Still, he had time for pranks, and his humor - or insanity - provided giggles for colleagues and prisoners alike. According to Dean Weigand, Eisenberg had an eBay fetish. One day he was excited about a carton of envelopes he had purchased on eBay to use with his prisoner "pen pals," and he was eager to show them off. "They were pink with ballerinas on them - the whole carton. I couldn't stop laughing," Weigand said.

    Kamikaze Causes

    Though dean duties were his first priority, Eisenberg's long hours included a staggering amount of pro bono work. He sometimes teased that he had a "niche practice" in habeas law, but this was really no joke. "He was the last hope for many inmates who depended on him, not only in Wisconsin, but also in his native Illinois, in Indiana and across much of the Midwest," said Joseph Kearney, an associate professor at Marquette Law School and Eisenberg's friend.4 When asked in January uld continue in the pro bono appeals program for the State Bar's Appellate Section (which he chaired), Eisenberg responded, "Of course. I live for pro bono appeals!" He listed his areas of interest and expertise as "prisoner rights, mental health, all difficult clients that nobody else wants."

    Don Wall, counsel to the circuit executive, reports that Eisenberg accepted 20 pro bono appointments in the Seventh Circuit for the 35-month period stretching from May 27, 1999 to March 13, 2002. Eisenberg himself told the Chicago Daily Law Bulletin that he had accepted a similar number in the Eighth Circuit Court of Appeals.5 Cornelia Clark, clerk for the Wisconsin Supreme Court and Court of Appeals, estimates that Eisenberg has worked on 51 cases in the appellate courts since he returned to Wisconsin in 1995. And Marla J. Stephens, director of the State Public Defender's Appellate Division, said that Eisenberg took public defender appellate appointments at a rate of one per month since 1995, and he never submitted a bill for his time.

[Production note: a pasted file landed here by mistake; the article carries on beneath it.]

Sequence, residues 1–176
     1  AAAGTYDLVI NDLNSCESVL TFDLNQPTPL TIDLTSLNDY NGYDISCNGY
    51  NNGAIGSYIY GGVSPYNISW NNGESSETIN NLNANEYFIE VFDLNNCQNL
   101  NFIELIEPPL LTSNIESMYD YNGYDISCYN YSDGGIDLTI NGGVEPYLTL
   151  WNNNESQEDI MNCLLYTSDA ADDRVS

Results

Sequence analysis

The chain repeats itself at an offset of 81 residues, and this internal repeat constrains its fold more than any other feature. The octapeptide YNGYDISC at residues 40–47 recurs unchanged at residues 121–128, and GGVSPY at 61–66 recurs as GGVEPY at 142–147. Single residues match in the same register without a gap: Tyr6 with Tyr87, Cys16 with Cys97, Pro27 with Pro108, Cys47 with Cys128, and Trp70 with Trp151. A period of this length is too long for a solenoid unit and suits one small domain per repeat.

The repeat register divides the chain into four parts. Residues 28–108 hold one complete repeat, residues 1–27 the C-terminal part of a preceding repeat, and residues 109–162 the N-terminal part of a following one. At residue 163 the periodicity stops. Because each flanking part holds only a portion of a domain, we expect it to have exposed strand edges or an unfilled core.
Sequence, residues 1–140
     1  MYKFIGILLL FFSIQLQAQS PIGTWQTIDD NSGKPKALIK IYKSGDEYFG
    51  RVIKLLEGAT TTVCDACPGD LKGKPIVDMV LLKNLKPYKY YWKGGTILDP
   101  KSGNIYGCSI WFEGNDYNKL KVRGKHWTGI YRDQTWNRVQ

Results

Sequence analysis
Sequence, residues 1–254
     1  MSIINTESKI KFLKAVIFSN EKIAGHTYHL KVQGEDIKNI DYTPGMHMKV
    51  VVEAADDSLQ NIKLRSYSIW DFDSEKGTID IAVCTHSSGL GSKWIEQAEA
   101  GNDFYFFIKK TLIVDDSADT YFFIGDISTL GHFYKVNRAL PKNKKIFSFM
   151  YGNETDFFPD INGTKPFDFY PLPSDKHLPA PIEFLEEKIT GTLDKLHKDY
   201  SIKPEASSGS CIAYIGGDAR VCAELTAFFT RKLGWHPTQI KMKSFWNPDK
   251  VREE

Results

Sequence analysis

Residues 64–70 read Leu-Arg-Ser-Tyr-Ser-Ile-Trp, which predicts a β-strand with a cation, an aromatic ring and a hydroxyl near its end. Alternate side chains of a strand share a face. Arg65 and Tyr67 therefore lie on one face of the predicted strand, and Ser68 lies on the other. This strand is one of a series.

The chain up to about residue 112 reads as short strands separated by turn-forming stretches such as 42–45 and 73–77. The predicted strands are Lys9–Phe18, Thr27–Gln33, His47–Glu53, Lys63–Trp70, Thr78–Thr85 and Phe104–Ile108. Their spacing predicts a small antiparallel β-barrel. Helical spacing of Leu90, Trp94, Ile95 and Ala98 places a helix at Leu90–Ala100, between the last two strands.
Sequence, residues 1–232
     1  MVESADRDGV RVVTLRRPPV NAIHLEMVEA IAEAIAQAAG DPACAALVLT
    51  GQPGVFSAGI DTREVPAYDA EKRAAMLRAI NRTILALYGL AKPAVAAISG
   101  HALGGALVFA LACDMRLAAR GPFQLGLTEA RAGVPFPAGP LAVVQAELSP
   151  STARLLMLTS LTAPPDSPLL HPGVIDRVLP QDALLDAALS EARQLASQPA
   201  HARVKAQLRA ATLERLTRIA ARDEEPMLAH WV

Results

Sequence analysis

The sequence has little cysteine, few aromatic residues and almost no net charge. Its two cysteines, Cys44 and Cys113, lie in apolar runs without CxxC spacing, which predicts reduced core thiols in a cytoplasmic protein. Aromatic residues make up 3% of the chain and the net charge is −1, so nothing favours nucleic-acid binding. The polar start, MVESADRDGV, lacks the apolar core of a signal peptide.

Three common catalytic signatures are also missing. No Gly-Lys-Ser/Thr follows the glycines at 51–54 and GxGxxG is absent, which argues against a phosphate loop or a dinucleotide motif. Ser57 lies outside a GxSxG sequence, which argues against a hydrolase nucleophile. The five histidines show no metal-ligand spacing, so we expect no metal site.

Though he handled a huge quantity of pro bono appeals, the quality of his work did not suffer. He won the Seventh Circuit's Walter J. Cummings Award for excellence in advocacy on the part of appointed counsel twice - in 1992 and 2001. "We asked him to take particularly prickly cases, and he always did an outstanding job," said Judge Terence T. Evans of the Seventh Circuit Court of Appeals. "His arguments were superb - among the very best of attorneys who appear before the court."

    Janine Geske, friend, professor, and former Wisconsin Supreme Court justice, said that many people urged Eisenberg to slow down and take fewer pro bono cases and community service projects. But he just nodded and said that much work needed to be done. "In speeches to law students, Howard always told them to `do well and do good,'" she said. "I believe that Howard was driven by a spiritual force greater than any of us, who told him to do lots of good on this earth."6